Fast Eddie Obama

"Fast Eddie Obama"

David Brooks proposes to resolve the question that we were discussing the other day: is Obama a Chicago Way politician, or a New Class liberal? Brooks says, both -- but the Chicago Way will win out in any conflict.

But as recent weeks have made clear, Barack Obama is the most split-personality politician in the country today. On the one hand, there is Dr. Barack, the high-minded, Niebuhr-quoting speechifier who spent this past winter thrilling the Scarlett Johansson set and feeling the fierce urgency of now. But then on the other side, there’s Fast Eddie Obama, the promise-breaking, tough-minded Chicago pol who’d throw you under the truck for votes.


Dr. Barack could have been a workhorse senator. But primary candidates don’t do tough votes, so Fast Eddie Obama threw the workhorse duties under the truck.

Dr. Barack could have changed the way presidential campaigning works. John McCain offered to have a series of extended town-hall meetings around the country. But favored candidates don’t go in for unscripted free-range conversations. Fast Eddie Obama threw the new-politics mantra under the truck.

And then on Thursday, Fast Eddie Obama had his finest hour. Barack Obama has worked on political reform more than any other issue. He aspires to be to political reform what Bono is to fighting disease in Africa. He’s spent much of his career talking about how much he believes in public financing. In January 2007, he told Larry King that the public-financing system works. In February 2007, he challenged Republicans to limit their spending and vowed to do so along with them if he were the nominee. In February 2008, he said he would aggressively pursue spending limits. He answered a Midwest Democracy Network questionnaire by reminding everyone that he has been a longtime advocate of the public-financing system.

But Thursday, at the first breath of political inconvenience, Fast Eddie Obama threw public financing under the truck. In so doing, he probably dealt a death-blow to the cause of campaign-finance reform. And the only thing that changed between Thursday and when he lauded the system is that Obama’s got more money now.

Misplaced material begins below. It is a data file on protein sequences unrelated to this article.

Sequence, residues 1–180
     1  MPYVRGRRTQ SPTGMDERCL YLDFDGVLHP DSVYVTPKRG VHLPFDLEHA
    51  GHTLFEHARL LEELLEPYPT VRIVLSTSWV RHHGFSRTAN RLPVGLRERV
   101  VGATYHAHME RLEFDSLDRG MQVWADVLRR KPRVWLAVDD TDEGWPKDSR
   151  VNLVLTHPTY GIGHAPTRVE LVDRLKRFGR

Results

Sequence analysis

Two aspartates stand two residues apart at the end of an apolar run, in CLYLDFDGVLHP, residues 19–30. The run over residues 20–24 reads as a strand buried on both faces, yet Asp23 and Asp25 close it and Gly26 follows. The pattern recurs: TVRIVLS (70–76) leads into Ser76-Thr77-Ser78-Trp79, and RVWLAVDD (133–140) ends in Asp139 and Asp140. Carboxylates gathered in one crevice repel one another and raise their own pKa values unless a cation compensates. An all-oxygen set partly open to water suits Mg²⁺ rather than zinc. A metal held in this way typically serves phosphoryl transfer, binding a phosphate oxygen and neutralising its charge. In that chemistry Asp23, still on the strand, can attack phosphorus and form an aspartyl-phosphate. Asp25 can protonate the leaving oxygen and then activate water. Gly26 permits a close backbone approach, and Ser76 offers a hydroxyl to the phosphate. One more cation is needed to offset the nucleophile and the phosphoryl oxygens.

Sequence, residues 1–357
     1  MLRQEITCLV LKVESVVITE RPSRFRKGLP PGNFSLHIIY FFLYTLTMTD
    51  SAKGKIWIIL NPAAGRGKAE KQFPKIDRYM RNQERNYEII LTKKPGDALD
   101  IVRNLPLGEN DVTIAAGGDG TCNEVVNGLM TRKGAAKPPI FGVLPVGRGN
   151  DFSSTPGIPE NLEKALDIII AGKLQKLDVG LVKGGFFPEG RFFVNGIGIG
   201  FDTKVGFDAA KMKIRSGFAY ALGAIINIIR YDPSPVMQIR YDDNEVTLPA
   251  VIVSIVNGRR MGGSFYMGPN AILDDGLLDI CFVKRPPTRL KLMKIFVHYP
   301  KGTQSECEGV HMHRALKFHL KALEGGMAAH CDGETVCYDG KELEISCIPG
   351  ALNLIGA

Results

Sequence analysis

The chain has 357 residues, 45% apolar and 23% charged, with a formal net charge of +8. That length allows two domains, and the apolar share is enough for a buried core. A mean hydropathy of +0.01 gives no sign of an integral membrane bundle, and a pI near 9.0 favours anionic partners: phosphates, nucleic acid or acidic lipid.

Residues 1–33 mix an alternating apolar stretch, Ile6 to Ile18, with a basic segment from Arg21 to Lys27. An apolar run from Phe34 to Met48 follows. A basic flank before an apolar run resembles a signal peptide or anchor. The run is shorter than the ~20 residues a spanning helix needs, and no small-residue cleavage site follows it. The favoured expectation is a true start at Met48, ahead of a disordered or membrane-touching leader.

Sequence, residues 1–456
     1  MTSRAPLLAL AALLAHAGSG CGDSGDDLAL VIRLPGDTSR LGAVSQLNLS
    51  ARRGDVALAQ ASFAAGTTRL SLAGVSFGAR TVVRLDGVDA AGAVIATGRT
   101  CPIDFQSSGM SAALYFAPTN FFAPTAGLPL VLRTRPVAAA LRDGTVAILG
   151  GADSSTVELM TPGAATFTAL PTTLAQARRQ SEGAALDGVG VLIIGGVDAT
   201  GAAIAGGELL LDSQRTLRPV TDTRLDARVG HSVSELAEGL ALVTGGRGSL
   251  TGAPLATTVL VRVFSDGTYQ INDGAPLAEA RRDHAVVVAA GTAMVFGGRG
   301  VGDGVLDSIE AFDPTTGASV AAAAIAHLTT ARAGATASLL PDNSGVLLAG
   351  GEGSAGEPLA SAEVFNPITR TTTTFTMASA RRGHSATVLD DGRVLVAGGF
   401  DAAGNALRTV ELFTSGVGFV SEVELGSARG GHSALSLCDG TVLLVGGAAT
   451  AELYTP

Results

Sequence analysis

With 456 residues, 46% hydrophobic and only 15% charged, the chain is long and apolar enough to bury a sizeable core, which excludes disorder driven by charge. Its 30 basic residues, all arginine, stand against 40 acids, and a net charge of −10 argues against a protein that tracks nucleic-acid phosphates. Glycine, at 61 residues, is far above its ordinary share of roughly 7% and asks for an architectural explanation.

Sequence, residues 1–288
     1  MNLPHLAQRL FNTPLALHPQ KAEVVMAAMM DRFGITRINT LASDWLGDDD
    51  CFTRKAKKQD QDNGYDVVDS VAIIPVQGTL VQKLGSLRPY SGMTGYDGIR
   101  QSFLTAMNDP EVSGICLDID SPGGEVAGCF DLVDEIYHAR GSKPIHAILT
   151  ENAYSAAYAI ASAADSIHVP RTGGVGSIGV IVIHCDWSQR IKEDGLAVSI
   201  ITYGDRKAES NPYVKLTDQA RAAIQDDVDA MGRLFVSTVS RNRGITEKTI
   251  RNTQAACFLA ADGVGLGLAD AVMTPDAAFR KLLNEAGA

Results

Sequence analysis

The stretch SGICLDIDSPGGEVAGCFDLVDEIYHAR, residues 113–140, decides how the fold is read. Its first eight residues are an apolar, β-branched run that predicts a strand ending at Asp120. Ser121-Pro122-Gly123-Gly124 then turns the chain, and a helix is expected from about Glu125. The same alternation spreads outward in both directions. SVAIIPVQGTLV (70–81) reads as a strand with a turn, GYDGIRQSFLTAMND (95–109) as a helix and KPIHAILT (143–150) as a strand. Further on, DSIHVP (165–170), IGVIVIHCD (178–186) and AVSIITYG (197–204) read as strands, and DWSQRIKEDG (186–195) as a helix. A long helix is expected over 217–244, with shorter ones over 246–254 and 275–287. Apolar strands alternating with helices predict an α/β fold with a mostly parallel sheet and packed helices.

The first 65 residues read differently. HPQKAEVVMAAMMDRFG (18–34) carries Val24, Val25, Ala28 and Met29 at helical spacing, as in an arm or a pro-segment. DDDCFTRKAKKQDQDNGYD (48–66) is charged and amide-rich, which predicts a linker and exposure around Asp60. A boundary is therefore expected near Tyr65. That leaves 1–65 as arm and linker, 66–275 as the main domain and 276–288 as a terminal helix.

And Fast Eddie Obama didn’t just sell out the primary cause of his life. He did it with style. He did it with a video so risibly insincere that somewhere down in the shadow world, Lee Atwater is gaping and applauding.
It's interesting, in terms of how disconnected this election is from reality. If you want campaign finance reform, McCain is your candidate: he's really done things for you, hard things. Yet Obama has been running as the campaign finance reform candidate -- though he has no actual commitment to the issue, has done nothing but talk about it in terms of advancing it, and undercut the project at the first sign of advantage.

Similarly, if you are concerned about "change" in Iraq, McCain is your candidate. He stood up to the Bush administration and forced them to undertake the Surge, which Rumsfeld and others did not wish to do. The current successes are in many ways his progeny. He can honestly claim to be the candidate of a very positive change: the chance to wind up the Iraq war on a positive note, with relative stability and upcoming provincial elections, and a status of forces agreement of some sort rather than a withdrawal and collapse of the state of Iraq.

Obama has done nothing but talk, and hasn't updated his concepts on Iraq since 2006. He only updated them then because he pivoted to a self-described 'just like Bush' position in 2005, when Tony Rezko had some business interests over there. Once again, nothing but talk versus a guy who has really effected serious change: but Obama has talked the public into giving him the credit.

On a similar topic, Obama has just sold out the progressives on FISA. I guess he didn't mean any of that talk, either.

Meanwhile, the man who has proposed an explicity race-based "Southern Strategy" to put the South in play is charging Republicans with telling voters that he's black.

Fast Eddie, indeed.

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